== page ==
Catholic Republicans to Catholic Bishops: STFUPosted: April 19, 2012 | |
On Tuesday I wrote a post about Paul Ryan’s claim that his Catholic faith informed his budget plan.
The Conference of Catholic Bishops responded to this outrageous claim by sending letters to every Congressional Committee affected by the Ryan Budget explaining that Catholic doctrine does not support starving children and elderly people to death in order to give tax cuts to rich people and buy more weapons of war for the Pentagon.
Today Paul Ryan responded to the Bishops’ criticism.
House Budget Committee Chairman Paul Ryan (R-WI) on Thursday dismissed criticism from the U.S. Conference of Catholic Bishops (USCCB), falsely claiming the group did not represent all Catholic bishops.
Referencing Matthew 25, the USCCB called on Congress to put the poor first in budget priorities and rethink cuts to programs that benefited the least among us.
“These are not all the Catholic bishops, and we just respectfully disagree,” he said on Fox News after being questioned about the bishops criticism of his budget plan.
Later the Bishops responded to Ryan’s statement by explaining to The Hill:
USCCB spokesman Don Clemmer told The Hill that the letters do represent all Catholic bishops, as they were penned by members of the church that were elected to represent the bishops on policy matters at the national level.
“Bishops who chair USCCB committees are elected by their fellow bishops to represent all of the U.S. bishops on key issues at the national level,” Clemmer said. “The letters on the budget were written by bishops serving in this capacity.”
Yesterday, fellow Catholic John Boehner weighed in in support of his budget hit-man:
“I want them to take a bigger look,” Boehner said at a Wednesday press conference. “And the bigger look is, if we don’t make decisions, these programs won’t exist, and then they’ll really have something to worry about.”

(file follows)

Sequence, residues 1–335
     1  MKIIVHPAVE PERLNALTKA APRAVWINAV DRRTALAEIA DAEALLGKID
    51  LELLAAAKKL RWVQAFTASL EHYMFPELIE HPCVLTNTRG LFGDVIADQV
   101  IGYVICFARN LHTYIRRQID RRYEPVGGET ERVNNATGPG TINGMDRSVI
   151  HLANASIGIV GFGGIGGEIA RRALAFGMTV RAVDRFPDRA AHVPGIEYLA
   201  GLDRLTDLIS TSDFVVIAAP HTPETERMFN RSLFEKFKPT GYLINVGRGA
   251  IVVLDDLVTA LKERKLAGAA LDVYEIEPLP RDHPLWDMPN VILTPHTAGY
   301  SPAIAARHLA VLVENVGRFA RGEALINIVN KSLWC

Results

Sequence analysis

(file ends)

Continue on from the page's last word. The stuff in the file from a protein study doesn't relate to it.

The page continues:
Hmmmm…that sounds like a threat.
Boehner, a Catholic, acknowledged that the bishops had a moral argument in pushing to preserve aspects of the budget that provide aid to the poor, but said if the United States can’t get its finances in order, those programs would be completely eliminated through a fiscal crisis.
“There won’t be these programs, and I don’t know how often some of us have to talk about the fact that you can’t spend $1.3 trillion more than what you bring in — that’s what’s going to happen this year, $5 trillion worth of debt over the last five years — and think that this can continue,” Boehner said.
It seems that the opinion of Conference of Catholic Bishops is to be respected on abortion and birth control, but not on economic and social justice issues. I guess Ryan and Boehner are only “cafeteria Catholics.” Just look how Ryan responded last year when a fellow Catholic offered him a Bible so he could read about Jesus’ teachings.
Not a Catholic, but apparently not wanting to look less of a soulless, evil skinflint than Ryan and Boehner, Eric Cantor suggested the solution to the country’s economic problems is raising taxes on the poorest of the poor.
The GOP has repeatedly made the claim that the poorest Americans need more “skin in the game.” Today, response to a question by ABC’s Jon Karl, Cantor made it clear that Republicans are interested in raising taxes on the poor while lowering tax rates for everyone else as part of any comprehensive tax reform plan:
CANTOR: We also know that over 45 percent of the people in this country don’t pay income taxes at all, and we have to question whether that’s fair. And should we broaden the base in a way that we can lower the rates for everybody that pays taxes. […]
KARL: Just wondering, what do you do about that? Are you saying we need to have a tax increase on the 45 percent who right now pay no federal income tax?
CANTOR: I’m saying that, just in a macro way of looking at it, you’ve got to discuss that issue. … How do you deal with a shrinking pie and number of people and entities that support the operations of government, and how do you go about continuing to milk them more, if that’s what some want to do, but preserve their ability to provide the growth engine? … I’ve never believed that you go raise taxes on those that have been successful that are paying in, taking away from them, so that you just hand out and give to someone else.
As Think Progress points out, most of the people who don’t pay income taxes are students, elderly people receiving lower amounts of social security, or people so desperately poor that they don’t earn enough to pay taxes. These people are, however, subject to many taxes, such as gas taxes, property taxes, and federal payroll taxes if they are working.
I wonder what FDR would say about all this?